Sélecteur de langues
Brussels, 19 July 2012
Have a safe trip: Commission consults on how to help victims of road accidents abroad
Around 130 million Europeans have planned a holiday in another European Union country this year. Around three-quarters of them will use a car or motorbike at least once to reach their destination. Inevitably, some holidaymakers will get caught up in road traffic accidents, either on the way or during their break. But how can they claim compensation if they are a victim of an accident in a country other than their own? Where can they file their claim? And what is the deadline for a compensation claim?
The European Commission has today launched a public consultation to help victims of cross-border traffic accidents, who may currently face difficulties because of varying time limits for claiming compensation for damage in case of an accident abroad in the EU (see Annex). The consultation will run until 19 November.
Vice-President Viviane Reding, the EU's Justice Commissioner said: "There are around 1 million road traffic accidents in the EU every year and some of these inevitably involve visitors from other EU countries. A road accident is a stressful experience for anyone, but it can get even worse if the victim is denied compensation due to complicated rules on bringing a claim. The European Commission wants to find out more so that we can offer effective solutions and make sure all victims have proper access to justice. European Citizens should feel at ease when using their car to go on holiday in another EU country."
Today, different national rules lead to a confusing situation for victims, who may miss the sometimes short deadlines and end up receiving no compensation at all. The aim of the consultation is to get a better idea of the scale of the problem and to assess potential solutions. The initiative overlaps with the Commission's broader efforts to help victims of crime in the EU (IP/11/585) and follows recent endorsements by the European Parliament and the Council of the Commission's proposal on minimum rights for crime victims (MEMO/12/541).
Possible solutions that are addressed in the public consultation range from improving information to victims of cross-border road accidents, to harmonising limitation and prescription periods (the time limits for bringing legal action for damages following an accident). The consultation is aimed at road traffic accident victims, all those who travel abroad with their car, legal practitioners, insurers and any other interested individual or organisation.
Estimates of the amount of people involved in cross-border traffic accidents vary, as no centralised statistics are available. However, it is likely that at least 2% of road accidents in the EU involve visitors from another EU country. These may be holidaymakers, cross-border workers (such as lorry drivers) or people who commute across borders to their workplace.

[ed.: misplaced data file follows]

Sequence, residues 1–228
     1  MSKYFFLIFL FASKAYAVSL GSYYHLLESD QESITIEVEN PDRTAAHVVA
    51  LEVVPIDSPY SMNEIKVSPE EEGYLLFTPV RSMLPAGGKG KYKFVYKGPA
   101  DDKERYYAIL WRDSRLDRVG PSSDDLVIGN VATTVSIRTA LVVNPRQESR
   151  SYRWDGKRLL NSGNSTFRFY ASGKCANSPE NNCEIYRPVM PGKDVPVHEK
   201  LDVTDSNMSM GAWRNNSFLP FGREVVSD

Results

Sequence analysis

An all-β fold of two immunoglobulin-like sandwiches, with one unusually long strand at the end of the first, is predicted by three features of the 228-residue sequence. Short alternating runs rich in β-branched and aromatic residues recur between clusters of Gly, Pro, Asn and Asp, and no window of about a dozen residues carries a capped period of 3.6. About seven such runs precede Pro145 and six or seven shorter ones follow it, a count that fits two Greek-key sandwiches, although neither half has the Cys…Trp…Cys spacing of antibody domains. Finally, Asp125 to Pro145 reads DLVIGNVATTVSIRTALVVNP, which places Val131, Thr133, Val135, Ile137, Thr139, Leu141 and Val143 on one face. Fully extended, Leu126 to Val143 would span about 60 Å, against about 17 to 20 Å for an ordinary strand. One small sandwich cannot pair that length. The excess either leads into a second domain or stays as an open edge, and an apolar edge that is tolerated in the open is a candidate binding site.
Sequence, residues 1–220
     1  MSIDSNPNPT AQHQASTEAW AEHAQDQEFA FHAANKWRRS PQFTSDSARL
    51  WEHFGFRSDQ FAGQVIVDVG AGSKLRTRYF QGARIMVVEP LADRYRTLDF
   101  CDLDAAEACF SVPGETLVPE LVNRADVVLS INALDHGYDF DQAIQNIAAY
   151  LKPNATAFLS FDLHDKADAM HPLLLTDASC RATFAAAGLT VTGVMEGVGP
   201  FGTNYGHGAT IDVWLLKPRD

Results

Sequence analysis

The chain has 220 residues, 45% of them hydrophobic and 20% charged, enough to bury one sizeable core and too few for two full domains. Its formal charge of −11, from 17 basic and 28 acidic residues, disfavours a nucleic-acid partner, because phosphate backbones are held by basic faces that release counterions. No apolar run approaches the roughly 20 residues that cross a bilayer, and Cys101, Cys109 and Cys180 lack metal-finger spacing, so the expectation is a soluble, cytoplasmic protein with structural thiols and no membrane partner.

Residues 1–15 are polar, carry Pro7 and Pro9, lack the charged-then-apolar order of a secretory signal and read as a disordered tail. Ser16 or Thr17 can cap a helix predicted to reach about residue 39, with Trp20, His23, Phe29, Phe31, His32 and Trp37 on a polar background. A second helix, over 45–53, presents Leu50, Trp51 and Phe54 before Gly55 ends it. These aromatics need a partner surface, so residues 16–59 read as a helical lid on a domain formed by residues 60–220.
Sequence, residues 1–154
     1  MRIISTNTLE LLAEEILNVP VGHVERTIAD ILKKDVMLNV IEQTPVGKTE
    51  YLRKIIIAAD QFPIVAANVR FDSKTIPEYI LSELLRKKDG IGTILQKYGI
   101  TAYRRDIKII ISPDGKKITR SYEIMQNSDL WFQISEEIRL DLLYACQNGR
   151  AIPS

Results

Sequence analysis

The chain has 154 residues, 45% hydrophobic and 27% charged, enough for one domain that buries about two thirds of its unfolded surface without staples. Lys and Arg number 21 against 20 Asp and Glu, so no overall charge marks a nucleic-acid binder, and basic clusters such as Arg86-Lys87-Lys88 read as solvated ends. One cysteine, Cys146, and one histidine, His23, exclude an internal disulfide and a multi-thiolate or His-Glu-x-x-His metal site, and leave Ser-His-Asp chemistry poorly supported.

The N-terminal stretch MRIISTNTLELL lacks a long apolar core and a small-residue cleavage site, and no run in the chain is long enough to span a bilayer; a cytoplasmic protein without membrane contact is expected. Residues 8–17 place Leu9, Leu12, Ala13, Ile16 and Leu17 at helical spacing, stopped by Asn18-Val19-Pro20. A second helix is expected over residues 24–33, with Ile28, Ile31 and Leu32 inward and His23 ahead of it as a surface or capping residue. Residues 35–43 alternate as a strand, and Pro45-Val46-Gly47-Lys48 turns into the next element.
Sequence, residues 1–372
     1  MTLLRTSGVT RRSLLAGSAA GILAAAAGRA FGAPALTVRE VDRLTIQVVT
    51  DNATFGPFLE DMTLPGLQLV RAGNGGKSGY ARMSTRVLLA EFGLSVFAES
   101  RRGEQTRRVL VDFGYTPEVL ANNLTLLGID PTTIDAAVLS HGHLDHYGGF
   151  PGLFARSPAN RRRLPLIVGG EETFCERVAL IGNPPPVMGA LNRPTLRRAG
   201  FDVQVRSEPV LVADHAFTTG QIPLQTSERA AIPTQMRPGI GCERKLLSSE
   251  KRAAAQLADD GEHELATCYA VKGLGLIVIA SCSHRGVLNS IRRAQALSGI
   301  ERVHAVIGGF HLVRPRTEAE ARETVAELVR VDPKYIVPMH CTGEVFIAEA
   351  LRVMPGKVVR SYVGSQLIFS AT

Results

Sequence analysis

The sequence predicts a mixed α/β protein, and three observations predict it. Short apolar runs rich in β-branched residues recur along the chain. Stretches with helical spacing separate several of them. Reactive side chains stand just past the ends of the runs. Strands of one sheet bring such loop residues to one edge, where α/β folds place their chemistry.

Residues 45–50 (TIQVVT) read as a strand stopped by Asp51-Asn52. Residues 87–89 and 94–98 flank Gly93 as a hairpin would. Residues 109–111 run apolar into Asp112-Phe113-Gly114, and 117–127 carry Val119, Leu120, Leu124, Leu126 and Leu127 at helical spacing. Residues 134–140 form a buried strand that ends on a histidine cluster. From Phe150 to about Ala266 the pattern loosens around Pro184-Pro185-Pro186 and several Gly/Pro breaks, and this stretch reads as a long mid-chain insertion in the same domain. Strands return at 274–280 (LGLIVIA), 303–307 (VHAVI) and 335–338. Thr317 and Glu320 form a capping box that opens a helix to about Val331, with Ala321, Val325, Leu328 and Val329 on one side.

European travellers who are a victim of a car accident in another EU country are likely to claim compensation for damages that they suffer in the accident. Each EU country has different procedural rules for claiming compensation with widely varying national rules on time limits for making a claim which can range from 1 to 10 years (see Annex). Visitors from other Member States are less likely to be familiar with these rules, creating problems for victims in accessing justice.
In some cases, victims may even run the risk of receiving no compensation for harm suffered due to particularly short limitation or prescription periods applicable in the EU country where the accident occurred. Travellers may also lack knowledge regarding the commencement of or the possibilities of suspending these limitation and prescription periods.
Today's consultation forms part of the European Commission's continuous effort to improve the rights of EU citizens. Since 9 May, the Commission has launched the biggest ever EU public consultation on citizens' rights to identify possible obstacles citizens still face when travelling in Europe or when shopping online for example (IP/12/461). The consultation will be open until 9 September and the input received will feed directly into the 2013 EU Citizenship Report to be presented next May.
For more information:
Public consultation: Limitation periods for compensation claims by victims of cross-border road traffic accidents in the EU:
Homepage of Vice-President Viviane Reding, EU Justice Commissioner:
European Commission – Civil justice: limitation periods for traffic accidents:
Annex: Basic limitation periods for compensation claims by victims of road traffic accidents
The data presented in this table comes from a study entitled "Compensation of victims of cross-border road Traffic accidents in the EU: comparison of national practices, analysis of problems and evaluation of options for improving the Position of cross-border victims" available at http://ec.europa.eu/internal_market/insurance/consumer/motor/index_en.htm
The table represents differences in length of basic limitation periods applicable to compensation claims originating from road traffic accidents. More than one number in the table signifies that the periods of limitation differ in the Member State concerned, depending on different factors, e.g. whether a claim concerns property damage or personal injury.